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Find video protocols related to scientific articles indexed in Pubmed.
Multiple representations and mechanisms for visuomotor adaptation in young children.
Hum Mov Sci
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In this study, we utilized transformed spatial mappings to perturb visuomotor integration in 5-yr-old children and adults. The participants were asked to perform pointing movements under five different conditions of visuomotor rotation (from 0° to 180°), which were designed to reveal explicit vs. implicit representations as well as the mechanisms underlying the visual-motor mapping. Several tests allowed us to separately evaluate sensorimotor (i.e., the dynamic dimension of movement) and cognitive (i.e., the explicit representations of target position and the strategies used by the participants) representations of visuo-proprioceptive distortion. Our results indicate that children do not establish representations in the same manner as adults and that children exhibit multiple visuomotor representations. Sensorimotor representations were relatively precise, presumably due to the recovery of proprioceptive information and efferent copy. Furthermore, a bidirectional mechanism was used to re-map visual and motor spaces. In contrast, cognitive representations were supplied with visual information and followed a unidirectional visual-motor mapping. Therefore, it appears that sensorimotor mechanisms develop before the use of explicit strategies during development, and young children showed impaired visuomotor adaptation when confronted with large distortions.
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Implicit sequence learning in a continuous pursuit-tracking task.
Psychol Res
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Assessing implicit learning in the continuous pursuit-tracking task usually concerns a repeated segment of target displacements masked by two random segments, as referred to as Pews paradigm. Evidence for segment learning in this paradigm is scanty and contrasts with robust sequence learning in discrete tracking tasks. The present study investigates this issue with two experiments in which participants (N = 56) performed a continuous tracking task. Contrary to Pews paradigm, participants were presented with a training sequence that was continuously cycled during 14 blocks of practice, but Block 12 in which a transfer sequence was introduced. Results demonstrate sequence learning in several conditions except in the condition that was obviously the most similar to previous studies failing to induce segment learning. Specifically, it is shown here that a target moving too slowly combined with variable time at which target reversal occurs prevents sequence learning. In addition, data from a post-experimental recognition test indicate that sequence learning was associated with explicit perceptual knowledge about the repetitive structure. We propose that learning repetition in a continuous tracking task is conditional on its capacity to (1) allow participants to detect the repeated regularities and (2) restrict feedback-based tracking strategies.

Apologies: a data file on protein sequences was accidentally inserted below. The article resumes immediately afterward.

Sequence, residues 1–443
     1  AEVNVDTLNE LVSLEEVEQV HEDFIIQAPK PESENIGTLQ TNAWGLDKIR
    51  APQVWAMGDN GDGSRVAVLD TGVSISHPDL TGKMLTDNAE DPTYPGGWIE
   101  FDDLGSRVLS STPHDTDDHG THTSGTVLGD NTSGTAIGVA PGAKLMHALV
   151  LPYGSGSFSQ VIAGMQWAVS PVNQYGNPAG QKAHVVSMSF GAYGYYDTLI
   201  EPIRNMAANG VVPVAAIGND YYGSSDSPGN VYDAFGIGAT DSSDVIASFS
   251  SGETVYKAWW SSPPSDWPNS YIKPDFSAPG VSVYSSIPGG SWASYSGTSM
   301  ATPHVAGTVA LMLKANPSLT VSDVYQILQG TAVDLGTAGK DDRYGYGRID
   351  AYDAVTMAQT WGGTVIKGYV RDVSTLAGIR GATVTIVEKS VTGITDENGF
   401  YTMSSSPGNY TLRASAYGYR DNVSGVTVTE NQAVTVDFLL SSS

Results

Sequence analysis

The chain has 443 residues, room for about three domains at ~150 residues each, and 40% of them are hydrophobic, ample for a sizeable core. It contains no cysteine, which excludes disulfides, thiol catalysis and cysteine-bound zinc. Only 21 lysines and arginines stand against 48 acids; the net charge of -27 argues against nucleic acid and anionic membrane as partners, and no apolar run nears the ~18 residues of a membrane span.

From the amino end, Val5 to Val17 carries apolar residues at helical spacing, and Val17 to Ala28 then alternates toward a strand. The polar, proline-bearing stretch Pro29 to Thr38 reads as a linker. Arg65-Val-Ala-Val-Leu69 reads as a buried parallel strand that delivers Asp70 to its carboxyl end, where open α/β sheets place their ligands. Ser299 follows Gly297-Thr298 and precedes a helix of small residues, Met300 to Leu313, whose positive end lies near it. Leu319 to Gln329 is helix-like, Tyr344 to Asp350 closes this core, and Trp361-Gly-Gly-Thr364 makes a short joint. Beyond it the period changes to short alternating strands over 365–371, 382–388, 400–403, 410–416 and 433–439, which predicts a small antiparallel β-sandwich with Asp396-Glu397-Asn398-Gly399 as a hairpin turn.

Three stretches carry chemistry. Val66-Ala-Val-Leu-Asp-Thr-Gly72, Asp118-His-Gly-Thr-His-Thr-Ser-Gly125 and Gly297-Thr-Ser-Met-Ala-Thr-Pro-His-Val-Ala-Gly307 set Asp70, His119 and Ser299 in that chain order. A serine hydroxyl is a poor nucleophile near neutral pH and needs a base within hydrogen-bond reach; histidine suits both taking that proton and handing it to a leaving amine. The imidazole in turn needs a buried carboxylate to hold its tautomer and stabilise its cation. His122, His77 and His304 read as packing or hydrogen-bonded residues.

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What is Visualize?

JoVE Visualize is a tool created to match the last 5 years of PubMed publications to methods in JoVE's video library.

How does it work?

We use abstracts found on PubMed and match them to JoVE videos to create a list of 10 to 30 related methods videos.

Video X seems to be unrelated to Abstract Y...

In developing our video relationships, we compare around 5 million PubMed articles to our library of over 4,500 methods videos. In some cases the language used in the PubMed abstracts makes matching that content to a JoVE video difficult. In other cases, there happens not to be any content in our video library that is relevant to the topic of a given abstract. In these cases, our algorithms are trying their best to display videos with relevant content, which can sometimes result in matched videos with only a slight relation.